By Jon Lohnes
The specter of anti-Semitism haunts all discussion of Palestine and Zionism. This is in and of itself unavoidable, and, indeed, allegations of anti-Semitism are entirely appropriate where some dimensions of the conflict are concerned. The Hamas Charter, for example, is overflowing with anti-Semitic rhetoric, something all people of conscience should condemn. But it is also demonstrably true that every major regional conflict since the June 1967 War has been accompanied by overwrought and largely spurious claims about the rise of a “new anti-Semitism” from pro-Israel activist and intellectual circles. When Israel’s defenders brandish the charge of anti-Jewish bigotry as a crude political weapon, it has the triple negative impact of trivializing historical and contemporary Jewish suffering, immunizing the State of Israel against legitimate criticism, and obscuring the symbiotic (as opposed to purely antagonistic) relationship between European anti-Semitism and Zionism. If recent campus back-and-forth is an appropriate measure of the level of critical thinking on these important subjects, I can only conclude that Binghamton’s alphabet soup of Israel advocacy groups are not prepared for a substantive exchange.
I will leave it to the original authors to address the accusations leveled against “March out, soldier parade: the IDF brigade.” I am interested in exploring the links between anti-Semitism and the Palestine Question, both on campus and more broadly. On the first count, muted reaction to a recent piece from the right-wing Binghamton Review is instructive. In “9 Reasons Why Bing Nightlife Sucks,” Chris Gil describes the fraternity scene as follows: “Who would have known that so many students from a school dominated by Jews would pay $5 for a frat party admission? That’s $5 for one, maybe two, warm and disgusting keg beers or sketchy punch. That’s just not cost effective. Silversteins worldwide are saddened.” The line separating legitimate criticism of Israel from anti-Semitism is sometimes murky. That ambiguity ensures that Israel advocacy groups can shift the goal post at will and thereby police opposition discourse. Gil’s remarks, on the other hand, represent an unambiguous case of anti-Semitism masquerading as satire. Why wasn’t his article condemned in the campus press? Binghamton University Zionist Organization and other pro-Israel student groups seem to have an altogether different conception of what constitutes hate speech when it’s coming from their political allies. The silence over Gil’s piece underscores the cynicism and hypocrisy of those who cry foul at an imagined anti-Semitism and fall silent on the transparent anti-Jewish bigotry of anyone whose politics align with their own (reminiscent of the marriage of convenience between Britain’s Zionist right and the anti-Semitic English Defense League).
This brings us to another problem. Received wisdom holds that Zionism is a political ideology absolutely opposed to anti-Semitism, which of course it nominally is. But if we consider the cultural and intellectual history of the Zionist mainstream, a different picture emerges. In its analysis of the Jewish condition in turn-of-the-century Europe, Herzlian political Zionism reproduced the logic, and many of the tropes, of European anti-Semitism. Herzl’s writings showcase a contemptuous attitude toward European Jewish cultural life. He described his coreligionists’ Yiddish as “the stealthy tongue of prisoners” and advocated jettisoning it in favor of “proper” European languages in the new Judenstaat. Zionist patriarch Max Nordau’s critique of “ghetto” and “bourgeois” Jewish bodies was, likewise, totally in line with anti-Semitic caricatures of Jewish men as feeble, deviant, and emasculated.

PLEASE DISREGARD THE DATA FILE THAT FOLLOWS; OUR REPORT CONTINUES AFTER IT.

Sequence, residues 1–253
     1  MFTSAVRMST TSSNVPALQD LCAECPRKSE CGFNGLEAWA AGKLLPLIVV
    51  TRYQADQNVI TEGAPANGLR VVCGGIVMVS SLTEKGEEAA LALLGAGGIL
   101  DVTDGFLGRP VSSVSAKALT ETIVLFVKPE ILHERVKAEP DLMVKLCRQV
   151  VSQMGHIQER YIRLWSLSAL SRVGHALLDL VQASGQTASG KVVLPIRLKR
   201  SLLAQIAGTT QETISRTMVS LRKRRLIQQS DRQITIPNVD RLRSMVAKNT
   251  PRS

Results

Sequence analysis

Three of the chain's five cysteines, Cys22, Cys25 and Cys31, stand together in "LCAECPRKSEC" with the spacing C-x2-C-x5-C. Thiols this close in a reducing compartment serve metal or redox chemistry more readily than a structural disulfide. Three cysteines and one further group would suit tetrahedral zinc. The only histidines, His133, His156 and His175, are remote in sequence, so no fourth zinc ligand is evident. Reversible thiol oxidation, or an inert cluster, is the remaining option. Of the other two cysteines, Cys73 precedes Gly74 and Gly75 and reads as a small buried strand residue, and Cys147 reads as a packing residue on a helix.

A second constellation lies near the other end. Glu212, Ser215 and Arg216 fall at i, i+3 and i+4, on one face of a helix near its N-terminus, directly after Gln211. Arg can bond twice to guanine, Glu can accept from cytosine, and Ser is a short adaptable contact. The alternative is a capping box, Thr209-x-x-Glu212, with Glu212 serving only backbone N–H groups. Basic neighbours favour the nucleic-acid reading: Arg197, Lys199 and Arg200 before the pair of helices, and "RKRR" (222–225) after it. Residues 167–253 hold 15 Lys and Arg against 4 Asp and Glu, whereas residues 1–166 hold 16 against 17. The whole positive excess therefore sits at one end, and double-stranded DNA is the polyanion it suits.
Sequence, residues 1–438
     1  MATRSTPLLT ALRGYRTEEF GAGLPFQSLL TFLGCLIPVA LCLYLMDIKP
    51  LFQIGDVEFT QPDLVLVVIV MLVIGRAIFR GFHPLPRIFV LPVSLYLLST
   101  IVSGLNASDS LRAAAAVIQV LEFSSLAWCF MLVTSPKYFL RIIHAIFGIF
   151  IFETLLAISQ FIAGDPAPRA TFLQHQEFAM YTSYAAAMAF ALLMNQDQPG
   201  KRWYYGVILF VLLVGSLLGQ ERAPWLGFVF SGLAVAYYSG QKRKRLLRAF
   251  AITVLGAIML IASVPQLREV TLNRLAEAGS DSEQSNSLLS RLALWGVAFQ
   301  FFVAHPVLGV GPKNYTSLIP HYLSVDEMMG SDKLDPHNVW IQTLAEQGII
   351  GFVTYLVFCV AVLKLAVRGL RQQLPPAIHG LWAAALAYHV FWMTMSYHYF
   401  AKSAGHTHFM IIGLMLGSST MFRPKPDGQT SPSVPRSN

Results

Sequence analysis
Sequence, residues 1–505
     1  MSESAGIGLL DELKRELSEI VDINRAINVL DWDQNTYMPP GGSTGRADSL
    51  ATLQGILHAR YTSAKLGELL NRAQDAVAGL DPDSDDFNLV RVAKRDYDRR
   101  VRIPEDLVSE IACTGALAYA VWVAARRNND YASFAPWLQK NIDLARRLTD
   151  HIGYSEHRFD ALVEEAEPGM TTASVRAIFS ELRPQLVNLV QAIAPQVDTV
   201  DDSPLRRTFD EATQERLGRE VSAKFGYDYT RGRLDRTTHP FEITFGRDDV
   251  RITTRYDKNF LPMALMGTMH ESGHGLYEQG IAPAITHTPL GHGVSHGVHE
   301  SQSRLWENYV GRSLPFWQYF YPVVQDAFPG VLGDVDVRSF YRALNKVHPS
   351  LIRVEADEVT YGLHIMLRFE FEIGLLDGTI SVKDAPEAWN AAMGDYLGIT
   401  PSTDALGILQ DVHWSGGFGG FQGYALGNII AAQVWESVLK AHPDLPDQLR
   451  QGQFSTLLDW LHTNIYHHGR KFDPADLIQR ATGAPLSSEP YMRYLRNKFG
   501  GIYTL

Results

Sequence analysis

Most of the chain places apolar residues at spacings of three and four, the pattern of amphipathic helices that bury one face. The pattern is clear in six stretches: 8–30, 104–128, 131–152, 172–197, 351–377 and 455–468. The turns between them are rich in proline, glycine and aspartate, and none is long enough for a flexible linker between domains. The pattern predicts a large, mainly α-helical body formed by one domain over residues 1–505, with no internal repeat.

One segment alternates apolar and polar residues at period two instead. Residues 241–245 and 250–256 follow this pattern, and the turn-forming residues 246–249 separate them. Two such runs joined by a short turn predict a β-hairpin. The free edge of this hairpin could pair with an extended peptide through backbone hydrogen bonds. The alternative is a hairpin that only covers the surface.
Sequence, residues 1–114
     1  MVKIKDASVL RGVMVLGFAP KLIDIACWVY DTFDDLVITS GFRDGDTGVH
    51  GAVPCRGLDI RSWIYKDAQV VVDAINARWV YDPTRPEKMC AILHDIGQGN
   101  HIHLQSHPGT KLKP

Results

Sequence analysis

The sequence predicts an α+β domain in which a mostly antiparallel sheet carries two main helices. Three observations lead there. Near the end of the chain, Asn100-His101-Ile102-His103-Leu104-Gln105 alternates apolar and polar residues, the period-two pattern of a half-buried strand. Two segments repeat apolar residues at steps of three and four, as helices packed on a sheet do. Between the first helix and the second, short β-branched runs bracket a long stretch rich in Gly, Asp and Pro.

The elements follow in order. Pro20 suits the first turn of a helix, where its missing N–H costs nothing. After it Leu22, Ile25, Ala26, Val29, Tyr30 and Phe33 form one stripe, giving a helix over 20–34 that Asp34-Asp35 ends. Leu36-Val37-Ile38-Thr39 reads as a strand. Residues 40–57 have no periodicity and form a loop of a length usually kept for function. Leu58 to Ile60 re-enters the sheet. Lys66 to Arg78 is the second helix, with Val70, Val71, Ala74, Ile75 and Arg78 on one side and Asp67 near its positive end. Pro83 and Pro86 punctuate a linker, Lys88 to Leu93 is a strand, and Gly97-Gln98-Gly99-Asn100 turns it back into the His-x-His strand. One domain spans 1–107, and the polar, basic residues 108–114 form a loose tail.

The Zionist mainstream was in broad agreement with European anti-Semites that European Jews were an indigestible element for whom the only viable option was departure. With the understanding that gentiles would never accept Europe’s Jews as equals on the continent, Herzl, Nordau, and other major Zionist thinkers championed a program of making Jews “truly” European at a geographical remove. Herzl’s suggestion that Jews should form in Palestine “a rampart of Europe against Asia, an outpost of civilization as opposed to barbarism” speaks to the Zionist movement’s mimicry of European anti-Semitism and colonialism. The fact that mainstream contemporary Israeli politicians like Defense Minister Moshe Ya’alon openly call Palestinians a “cancerous” threat to Jewish national integrity tells us a great deal about Zionism’s projection of anti-Semitic stereotypes onto its victims.
Anti-Semitism is not a secondary concern. It is central to understanding the conflict over Palestine. The invocation of historical Jewish suffering to deflect criticism of Israel, the lenient treatment meted out to pro-Israel anti-Semites, and political Zionism’s essentially anti-Semitic orientation are serious problems. If our campus community wants a serious conversation about anti-Semitism, we must wrestle with the substantive issues involved instead of allowing ourselves to be derailed by a sideshow.
Ed. Note: the Pipe Dream declined to run this editorial for technical reasons; it is posted here for the the campus community to access to it regardless.
Suggestions for further reading:
- Joseph Massad – The Persistence of the Palestine Question
- Gabriel Piterberg – The Returns of Zionism: Myths, Politics, and Scholarship in Israel
- Michael Stanislawski – Zionism and the Fin de Siècle
- Daniel Boyarin – Unheroic Conduct: The Rise of Heterosexuality and the Invention of the Jewish Man
- Todd S. Presner – Muscular Judaism: The Jewish Body and the Politics of Regeneration
- Jonathan Judaken – “So what’s new? Rethinking the ‘new antisemitism’ in a global age”